For David Lardner, he had low standards for his $5,000 car, but there were standards:
- Find a car that was less than ten years old and
- Had four matching tires with reasonable tread life left.
- All the lights functioning and with
- Little in the way of body damage
Having access to the vehicle identification number (VIN) allowed Clark to run reports like CarFax and AutoCheck on promising vehicles. But, just because the online reports might be clean doesn’t mean much if the car was damaged and fixed outside of using insurance. Self-pay repairs often don’t make it to those services.
After a couple of hours searching through the acres of available cars, Clark chose three cars that passed his tests, looked ok, and were likely to come in under his budget of $5,000. But that wasn’t his real number:
There were additional costs that auction buyers have to consider when going to an auction: fees, taxes, and tag and title charges, to name just a few. Plus, he intended to pay with a credit ccard for the protections offered by the credit card companies, and the auction houses add in a 2% up-charge. That meant his bid was capped at about $4,000.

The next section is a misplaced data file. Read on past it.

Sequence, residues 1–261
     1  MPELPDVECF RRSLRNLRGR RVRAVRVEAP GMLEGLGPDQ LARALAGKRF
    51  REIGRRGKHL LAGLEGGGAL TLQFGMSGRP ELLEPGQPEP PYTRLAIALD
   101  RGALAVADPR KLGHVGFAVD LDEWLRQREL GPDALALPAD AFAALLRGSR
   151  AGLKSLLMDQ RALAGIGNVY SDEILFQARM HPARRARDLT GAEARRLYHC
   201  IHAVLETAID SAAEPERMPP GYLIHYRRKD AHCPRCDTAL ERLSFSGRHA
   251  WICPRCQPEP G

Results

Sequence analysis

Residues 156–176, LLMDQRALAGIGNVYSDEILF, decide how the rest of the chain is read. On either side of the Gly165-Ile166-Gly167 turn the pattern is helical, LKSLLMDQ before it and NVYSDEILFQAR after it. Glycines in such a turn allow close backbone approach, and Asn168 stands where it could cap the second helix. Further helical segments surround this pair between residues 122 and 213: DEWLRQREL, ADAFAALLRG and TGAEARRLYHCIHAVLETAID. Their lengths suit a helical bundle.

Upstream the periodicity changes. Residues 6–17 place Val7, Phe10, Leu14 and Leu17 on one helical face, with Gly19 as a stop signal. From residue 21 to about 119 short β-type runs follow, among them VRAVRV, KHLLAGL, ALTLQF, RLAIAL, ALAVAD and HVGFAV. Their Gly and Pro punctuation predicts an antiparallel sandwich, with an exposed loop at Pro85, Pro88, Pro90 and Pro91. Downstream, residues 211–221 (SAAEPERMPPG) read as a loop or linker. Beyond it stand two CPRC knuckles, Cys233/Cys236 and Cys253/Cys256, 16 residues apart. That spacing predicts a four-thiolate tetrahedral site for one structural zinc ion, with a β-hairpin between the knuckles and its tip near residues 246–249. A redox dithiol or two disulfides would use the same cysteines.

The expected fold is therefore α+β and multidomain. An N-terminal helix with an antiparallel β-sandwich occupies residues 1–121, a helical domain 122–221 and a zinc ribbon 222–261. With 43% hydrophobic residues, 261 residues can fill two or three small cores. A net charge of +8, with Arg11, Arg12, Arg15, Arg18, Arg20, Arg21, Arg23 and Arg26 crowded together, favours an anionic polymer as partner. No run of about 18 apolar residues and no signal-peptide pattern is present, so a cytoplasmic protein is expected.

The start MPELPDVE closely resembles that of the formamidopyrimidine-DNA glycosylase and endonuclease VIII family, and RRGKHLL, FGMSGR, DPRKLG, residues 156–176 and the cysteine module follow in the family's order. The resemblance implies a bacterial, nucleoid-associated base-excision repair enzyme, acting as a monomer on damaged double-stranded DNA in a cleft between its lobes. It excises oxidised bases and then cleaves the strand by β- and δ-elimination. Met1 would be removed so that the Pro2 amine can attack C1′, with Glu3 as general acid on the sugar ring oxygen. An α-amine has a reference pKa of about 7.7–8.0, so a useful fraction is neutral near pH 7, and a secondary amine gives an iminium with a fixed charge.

By the time he was done, he found a car that matched his standards for about $3,900. But the big takeaway from his experience was that it’s critical to know what you’re doing or bring someone who does. If you don’t you could find yourself worse off than before.
Check back next time to see how David Lardner’s auction vehicle worked in the real world.
P.S. Did you know that sometimes you can sharply reduce the amount of your car payment in Chapter 13? To find out more take a look at my video,